Faikha Schroeder was enjoying the first day of school holidays when she received a text message — one of her teaching colleagues at Al-Taqwa College, in Melbourne’s outer west, had tested positive for COVID-19.
- The Al-Taqwa College cluster is the largest in Victoria, with 113 cases
- The health department previously linked the outbreak to separate clusters in Sunshine West and Truganina
- Principal Omar Hallak said staff “tried our utmost” to prevent an outbreak, including spending $100,000 on additional cleaning and hygiene measures
That was on June 27. On July 1 came another message from the school — all teachers had to be tested.
Ms Schroeder, a secondary teacher, tested negative the first time but has since been asked to take a second test and is awaiting the results.
She still doesn’t know which of her colleagues tested positive, or the source of the cluster, which today grew by 6 to reach 113 cases, making it the largest outbreak in Victoria.
But she confirmed to the ABC that children who live in locked-down public housing blocks in Melbourne’s inner-north-west attended the school, raising the possibility that the college cluster resulted in infections in the nine towers.
“We run a school bus from that area,” she said, adding that it was common for children to travel large distances to the school.
The health department has previously linked the outbreak at Al-Taqwa to separate clusters in Sunshine West and Truganina.
The first cases at the school appeared around the same time as community transmission began to spike across Melbourne.
But it remains unclear how one teacher who became infected at the end of term could be responsible for a cluster which spread to more than 100 people.
Staff were vigilant, teacher says
Al-Taqwa College principal, Omar Hallak, warned parents and students back in April about the perils of not taking the virus seriously, and implored them to listen to official messaging.
“I would ask all teachers please accept the position of our Government and protect your family and do not send them outside,” he said on the eve of the term one school holidays.
“That is very important to follow the direction of Government and department.”
When school reopened after term one, Ms Schroeder was vigilant, but not troubled.
“I was trying to follow protocols, hand-cleaning and so on,” she said.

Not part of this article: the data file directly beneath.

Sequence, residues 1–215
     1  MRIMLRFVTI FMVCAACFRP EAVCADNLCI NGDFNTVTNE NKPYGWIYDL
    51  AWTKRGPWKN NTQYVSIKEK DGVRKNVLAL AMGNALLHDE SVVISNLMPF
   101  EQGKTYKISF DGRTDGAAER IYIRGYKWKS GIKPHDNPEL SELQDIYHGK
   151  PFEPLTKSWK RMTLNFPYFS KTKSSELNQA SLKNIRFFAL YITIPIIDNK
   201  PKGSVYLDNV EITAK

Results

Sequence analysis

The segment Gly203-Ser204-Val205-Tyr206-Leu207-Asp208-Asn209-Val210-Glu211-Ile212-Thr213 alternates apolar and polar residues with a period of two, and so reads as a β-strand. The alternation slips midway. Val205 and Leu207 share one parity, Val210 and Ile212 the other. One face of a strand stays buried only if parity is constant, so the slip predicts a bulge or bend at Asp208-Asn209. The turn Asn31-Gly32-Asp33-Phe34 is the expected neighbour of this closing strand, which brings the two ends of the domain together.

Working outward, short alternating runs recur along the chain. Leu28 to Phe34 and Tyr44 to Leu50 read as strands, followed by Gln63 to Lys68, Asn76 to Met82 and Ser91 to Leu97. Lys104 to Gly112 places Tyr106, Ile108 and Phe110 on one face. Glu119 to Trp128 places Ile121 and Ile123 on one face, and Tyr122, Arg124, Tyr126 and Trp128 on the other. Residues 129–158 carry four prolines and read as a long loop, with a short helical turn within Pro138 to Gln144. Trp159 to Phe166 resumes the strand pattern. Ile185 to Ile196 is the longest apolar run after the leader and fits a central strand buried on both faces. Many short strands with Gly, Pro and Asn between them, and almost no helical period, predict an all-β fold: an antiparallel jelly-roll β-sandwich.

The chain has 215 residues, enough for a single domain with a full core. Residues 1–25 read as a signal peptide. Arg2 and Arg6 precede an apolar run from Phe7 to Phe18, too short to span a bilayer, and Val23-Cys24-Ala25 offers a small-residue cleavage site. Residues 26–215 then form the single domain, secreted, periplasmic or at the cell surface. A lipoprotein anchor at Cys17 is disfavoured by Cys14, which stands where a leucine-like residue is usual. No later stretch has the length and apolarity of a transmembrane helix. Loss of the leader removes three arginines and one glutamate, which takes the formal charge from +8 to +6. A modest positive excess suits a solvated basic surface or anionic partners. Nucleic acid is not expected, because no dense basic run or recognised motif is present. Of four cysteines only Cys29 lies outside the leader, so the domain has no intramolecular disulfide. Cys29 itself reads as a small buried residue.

“I was very careful interacting with the students, because I knew that it was more a risk of me transmitting it to them, than them transmitting to me.”
It was not until July 5 — more than a week after the first case was recorded — that Al-Taqwa College commented publicly about the outbreak.
There had already been 59 cases linked to the school.
“We regret to report that a number of our staff and students have tested positive for COVID-19,” Mr Hallak said in a statement.
“All staff and students have been asked to get tested immediately and have been placed in quarantine while DHHS [Department of Health and Human Services] continues their tracing and the College undergoes a deep clean.
“We have taken additional measures since the outbreak, including spending over $100,000 on additional cleaning and hygiene measures, involving an organisation approved by DHHS.
“However, unfortunately, this is out of our hands as it is with quite a few other schools around Victoria, around the nation and around the world, which is quite saddening.”
A growing student population
According to the school’s website, Al-Taqwa College was founded by Mr Hallak in 1986 after he realised the importance of educating young children in an Islamic environment.
He bought 50 acres of land in what was then the sparsely populated outskirts of Melbourne and started the school with 25 students in demountable buildings.
In the following three decades, the population of the school swelled to about 2,200 students, as the number of people living in the region quadrupled to more than 200,000.